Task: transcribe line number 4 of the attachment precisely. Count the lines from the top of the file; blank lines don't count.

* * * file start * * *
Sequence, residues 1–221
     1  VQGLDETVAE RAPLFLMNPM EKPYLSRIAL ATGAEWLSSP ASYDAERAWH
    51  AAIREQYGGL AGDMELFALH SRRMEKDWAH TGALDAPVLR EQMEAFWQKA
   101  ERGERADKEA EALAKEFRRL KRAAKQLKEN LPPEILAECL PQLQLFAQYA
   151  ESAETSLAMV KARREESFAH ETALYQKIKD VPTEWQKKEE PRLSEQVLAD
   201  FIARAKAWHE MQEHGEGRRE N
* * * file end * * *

   101  ERGERADKEA EALAKEFRRL KRAAKQLKEN LPPEILAECL PQLQLFAQYA